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Rotary Is Being Re-Created
 
Throughout the world, Rotarians are finding new ways to serve their communities – and resurrecting some old ones.  Club meetings, typically held in person, are now held on Zoom or other platforms, and a new approach to Rotary fellowship is being found.  Many Rotary friends who had previously moved to warmer climes have started to attend their prior clubs and reinvigorate their club friendships. 
 
Similarly, Rotarians who often were challenged to attend a weekly meeting have found Rotary fellowship from the comfort of their living room.  Our meetings are different, to be sure, but we are adapting well to this new reality.  In fact, many Rotary clubs suggest that their future meetings, even when we can again meet in person, will include a live video feed to broaden the club’s reach.
 
More interestingly, Rotarians have begun to evolve the concept of service.  Typically Rotarians would engage in a service project at the location of the organization which benefits.  In the COVID model Rotarians are designing projects to be done by Rotarians in a socially distant environment.  For instance, Rotarians in Lake George have responded to community needs and have organized a work-at-home Rotary crew that has made over 2,000 face masks, and counting.  They are being provided to first responders and community members who reach out.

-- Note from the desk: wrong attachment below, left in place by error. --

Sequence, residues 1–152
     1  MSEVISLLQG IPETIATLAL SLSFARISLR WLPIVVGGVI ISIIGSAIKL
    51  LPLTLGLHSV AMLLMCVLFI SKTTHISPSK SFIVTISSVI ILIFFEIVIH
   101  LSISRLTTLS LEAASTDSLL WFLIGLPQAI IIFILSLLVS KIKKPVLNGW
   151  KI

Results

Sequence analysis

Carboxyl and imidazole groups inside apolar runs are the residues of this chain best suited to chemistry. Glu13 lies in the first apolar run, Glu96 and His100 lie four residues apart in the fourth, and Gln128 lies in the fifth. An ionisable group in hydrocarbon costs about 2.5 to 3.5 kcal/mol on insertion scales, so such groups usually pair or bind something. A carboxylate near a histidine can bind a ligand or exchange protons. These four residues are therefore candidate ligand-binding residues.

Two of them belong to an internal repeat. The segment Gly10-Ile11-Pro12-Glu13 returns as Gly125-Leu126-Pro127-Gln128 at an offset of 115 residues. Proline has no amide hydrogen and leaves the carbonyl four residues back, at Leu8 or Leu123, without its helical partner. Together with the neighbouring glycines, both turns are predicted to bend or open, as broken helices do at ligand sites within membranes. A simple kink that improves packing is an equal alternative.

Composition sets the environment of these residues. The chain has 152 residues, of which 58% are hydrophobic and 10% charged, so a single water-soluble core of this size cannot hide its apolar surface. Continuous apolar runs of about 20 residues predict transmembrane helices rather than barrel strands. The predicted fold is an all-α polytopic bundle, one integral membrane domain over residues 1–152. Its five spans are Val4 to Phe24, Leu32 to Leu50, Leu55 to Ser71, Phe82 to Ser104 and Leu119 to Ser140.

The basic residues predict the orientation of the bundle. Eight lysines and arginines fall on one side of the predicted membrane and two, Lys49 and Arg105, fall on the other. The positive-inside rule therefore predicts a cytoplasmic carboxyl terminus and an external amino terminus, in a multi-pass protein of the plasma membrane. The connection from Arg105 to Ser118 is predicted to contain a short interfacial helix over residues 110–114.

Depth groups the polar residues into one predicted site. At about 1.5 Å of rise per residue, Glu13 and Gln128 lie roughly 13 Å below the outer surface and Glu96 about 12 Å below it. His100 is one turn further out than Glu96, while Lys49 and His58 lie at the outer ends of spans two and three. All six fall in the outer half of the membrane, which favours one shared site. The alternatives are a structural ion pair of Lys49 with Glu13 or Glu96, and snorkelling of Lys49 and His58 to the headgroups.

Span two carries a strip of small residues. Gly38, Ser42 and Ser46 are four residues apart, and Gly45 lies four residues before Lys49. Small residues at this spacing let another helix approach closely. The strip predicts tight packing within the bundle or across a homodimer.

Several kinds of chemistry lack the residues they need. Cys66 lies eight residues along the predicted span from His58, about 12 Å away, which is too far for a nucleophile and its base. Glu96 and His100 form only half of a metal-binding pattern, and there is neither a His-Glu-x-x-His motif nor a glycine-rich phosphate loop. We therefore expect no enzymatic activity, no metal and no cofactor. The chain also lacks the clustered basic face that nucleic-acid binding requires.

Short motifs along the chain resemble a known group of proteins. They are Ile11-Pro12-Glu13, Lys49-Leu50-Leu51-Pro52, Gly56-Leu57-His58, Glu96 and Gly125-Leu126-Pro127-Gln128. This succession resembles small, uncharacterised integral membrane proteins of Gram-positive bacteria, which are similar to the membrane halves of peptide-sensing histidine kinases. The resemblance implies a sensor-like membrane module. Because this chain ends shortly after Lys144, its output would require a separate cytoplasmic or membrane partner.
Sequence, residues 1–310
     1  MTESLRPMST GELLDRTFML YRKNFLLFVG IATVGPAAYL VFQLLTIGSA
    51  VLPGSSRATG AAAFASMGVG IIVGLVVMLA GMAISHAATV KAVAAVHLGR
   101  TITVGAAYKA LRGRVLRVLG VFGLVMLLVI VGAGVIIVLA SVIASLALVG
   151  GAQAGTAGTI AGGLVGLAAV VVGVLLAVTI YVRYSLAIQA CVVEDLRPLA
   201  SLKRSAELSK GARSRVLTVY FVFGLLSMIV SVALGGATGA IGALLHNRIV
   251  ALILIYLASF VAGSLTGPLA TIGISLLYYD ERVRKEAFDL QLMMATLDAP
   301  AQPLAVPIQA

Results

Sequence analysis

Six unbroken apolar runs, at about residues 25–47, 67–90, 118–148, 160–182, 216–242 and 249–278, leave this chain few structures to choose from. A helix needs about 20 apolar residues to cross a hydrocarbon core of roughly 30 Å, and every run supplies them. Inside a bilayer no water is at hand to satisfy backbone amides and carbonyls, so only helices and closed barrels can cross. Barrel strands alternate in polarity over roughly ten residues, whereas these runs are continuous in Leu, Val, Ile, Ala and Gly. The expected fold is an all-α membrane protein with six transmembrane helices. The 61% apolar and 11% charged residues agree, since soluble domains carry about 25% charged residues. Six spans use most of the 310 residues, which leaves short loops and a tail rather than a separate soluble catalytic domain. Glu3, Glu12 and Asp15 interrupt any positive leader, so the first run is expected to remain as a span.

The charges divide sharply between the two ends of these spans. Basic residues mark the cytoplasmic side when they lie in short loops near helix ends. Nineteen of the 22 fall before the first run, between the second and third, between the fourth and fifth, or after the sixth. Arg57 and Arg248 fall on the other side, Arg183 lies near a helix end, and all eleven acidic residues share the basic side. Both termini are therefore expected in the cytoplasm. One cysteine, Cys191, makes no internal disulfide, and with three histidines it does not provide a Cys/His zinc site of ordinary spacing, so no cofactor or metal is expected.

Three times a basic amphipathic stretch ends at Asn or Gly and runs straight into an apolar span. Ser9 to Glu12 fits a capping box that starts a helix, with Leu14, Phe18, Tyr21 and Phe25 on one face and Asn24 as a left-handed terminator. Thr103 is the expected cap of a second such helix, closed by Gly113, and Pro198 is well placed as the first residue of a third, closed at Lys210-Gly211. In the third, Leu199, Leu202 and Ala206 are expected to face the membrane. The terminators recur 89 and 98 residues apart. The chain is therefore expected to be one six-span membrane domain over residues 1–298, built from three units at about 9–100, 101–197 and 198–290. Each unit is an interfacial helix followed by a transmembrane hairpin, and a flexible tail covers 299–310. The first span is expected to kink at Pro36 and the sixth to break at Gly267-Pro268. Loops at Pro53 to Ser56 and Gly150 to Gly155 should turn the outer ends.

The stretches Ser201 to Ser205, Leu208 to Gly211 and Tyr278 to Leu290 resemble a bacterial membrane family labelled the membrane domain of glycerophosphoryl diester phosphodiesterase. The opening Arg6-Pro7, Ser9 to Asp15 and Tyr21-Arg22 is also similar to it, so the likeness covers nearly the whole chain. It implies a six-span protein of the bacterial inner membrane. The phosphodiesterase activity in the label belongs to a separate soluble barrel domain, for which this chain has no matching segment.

The Glens Falls Rotary organized a massive drive-through outdoor food pantry.  Over 600 vehicles were filled with 54,000 pounds of food donated by the Northeast Regional Food Bank.  To make that happen, they reached out to every community organization they could think of and asked for volunteer help.  An undertaking this large needed many hands, and the other organizations pitched in and the day was a success.  Social distance policies were observed, along with gloves and masks to allow the safe transfer of food into the car trunks of hungry families throughout the local community.
 
These are just two examples of how clubs locally are responding.  In the Capital Region our 39 Rotary Clubs are stepping up, just as around the world Rotary International is stepping up.